Obama Administration Disavowed Agreement that Biden Administration Claims Israel Violated

(National Review) Elliott Abrams - On March 21, the Biden administration denounced a recent move in the Israeli Knesset as "a clear contradiction of undertakings the Israeli government made to the United States." This statement is astonishing and Americans should understand why. Between 2002 and early 2004, the George W. Bush administration found that all progress on Israeli-Palestinian issues was stopped dead by Yasser Arafat's corruption and his support of terrorism. I was serving at the time as the National Security Council's senior director for the Near East. In an exchange of letters on April 14, 2004, President Bush gave Prime Minister Sharon the support he needed to complete the Gaza withdrawal. Bush's letter made several important statements: that the U.S. would impose no new peace plan on Israel beyond what was already agreed; that the U.S. would "preserve and strengthen Israel's capability to deter and defend itself, by itself, against any threat or possible combination of threats"; and that the Palestinian refugee problem would not be solved by moving Palestinians to Israel. Bush also said that "in light of new realities on the ground, including already existing major Israeli populations centers, it is unrealistic to expect that the outcome of final status negotiations will be a full and complete return to the armistice lines of 1949." In other words, Israeli settlements were realities, and the U.S. understood that in any final status agreement, Israeli borders would reflect their location. This formal exchange of letters was endorsed by the Senate by a vote of 95-3 and by the House by 407-9. Yet in 2009, the U.S., under the Obama-Biden administration, claimed that the 2004 exchange of letters and commitments was absolutely of no consequence and not binding. For the Biden administration to denounce Israeli action on the ground that it violates a commitment made by Israel to the U.S. is remarkably hypocritical. The Obama administration had already torn up any such commitment and turned the Bush-Sharon exchange into a pair of dead letters. The Biden administration should not be free to bash Israel for breaking commitments that the U.S. itself dismissed years ago. The writer is a senior fellow at the Council on Foreign Relations.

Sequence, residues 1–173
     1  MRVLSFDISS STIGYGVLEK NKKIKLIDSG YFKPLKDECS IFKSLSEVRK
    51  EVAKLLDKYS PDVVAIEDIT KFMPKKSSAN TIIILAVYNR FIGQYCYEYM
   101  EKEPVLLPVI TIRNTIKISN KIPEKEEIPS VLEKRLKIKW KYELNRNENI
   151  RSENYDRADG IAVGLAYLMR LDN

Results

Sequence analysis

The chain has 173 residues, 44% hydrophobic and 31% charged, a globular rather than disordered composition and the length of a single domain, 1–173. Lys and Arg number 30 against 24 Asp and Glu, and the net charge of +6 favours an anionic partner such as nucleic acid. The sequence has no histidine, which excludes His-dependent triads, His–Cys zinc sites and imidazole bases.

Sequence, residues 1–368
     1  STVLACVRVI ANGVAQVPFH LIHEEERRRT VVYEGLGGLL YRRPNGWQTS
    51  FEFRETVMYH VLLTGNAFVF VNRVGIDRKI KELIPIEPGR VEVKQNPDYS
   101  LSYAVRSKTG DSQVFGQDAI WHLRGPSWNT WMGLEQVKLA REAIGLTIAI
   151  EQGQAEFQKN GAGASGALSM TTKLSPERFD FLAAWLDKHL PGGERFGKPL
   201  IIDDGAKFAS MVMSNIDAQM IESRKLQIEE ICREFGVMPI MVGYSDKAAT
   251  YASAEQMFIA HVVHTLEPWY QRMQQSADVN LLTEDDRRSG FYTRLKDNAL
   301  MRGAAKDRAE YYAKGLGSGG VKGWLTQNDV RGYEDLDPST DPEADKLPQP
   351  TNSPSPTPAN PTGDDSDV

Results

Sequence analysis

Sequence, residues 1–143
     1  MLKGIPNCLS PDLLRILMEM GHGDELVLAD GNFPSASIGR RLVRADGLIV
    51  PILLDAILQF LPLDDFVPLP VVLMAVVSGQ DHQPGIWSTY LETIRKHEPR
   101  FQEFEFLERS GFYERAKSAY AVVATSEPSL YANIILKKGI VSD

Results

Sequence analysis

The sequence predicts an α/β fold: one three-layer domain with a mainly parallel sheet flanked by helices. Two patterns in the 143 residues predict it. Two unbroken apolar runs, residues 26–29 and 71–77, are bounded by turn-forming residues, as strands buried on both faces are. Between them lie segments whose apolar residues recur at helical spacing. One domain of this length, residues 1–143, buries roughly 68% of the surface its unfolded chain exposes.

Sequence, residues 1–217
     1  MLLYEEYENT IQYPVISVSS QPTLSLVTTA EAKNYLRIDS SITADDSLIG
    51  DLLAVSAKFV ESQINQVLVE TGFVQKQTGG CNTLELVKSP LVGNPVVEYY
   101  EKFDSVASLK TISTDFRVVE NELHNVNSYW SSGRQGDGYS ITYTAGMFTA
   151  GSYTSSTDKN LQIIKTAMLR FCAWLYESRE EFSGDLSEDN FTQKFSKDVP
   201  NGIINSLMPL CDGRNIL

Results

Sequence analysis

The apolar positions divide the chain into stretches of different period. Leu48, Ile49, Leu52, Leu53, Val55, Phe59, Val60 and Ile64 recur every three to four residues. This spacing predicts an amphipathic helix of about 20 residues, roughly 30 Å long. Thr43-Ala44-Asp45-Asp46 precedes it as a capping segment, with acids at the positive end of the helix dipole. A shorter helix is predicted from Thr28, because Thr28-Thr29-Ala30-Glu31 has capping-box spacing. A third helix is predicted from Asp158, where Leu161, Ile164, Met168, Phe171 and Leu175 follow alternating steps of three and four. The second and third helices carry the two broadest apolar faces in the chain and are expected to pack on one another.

2023-03-27 00:00:00

Full Article


Visit the Daily Alert Archive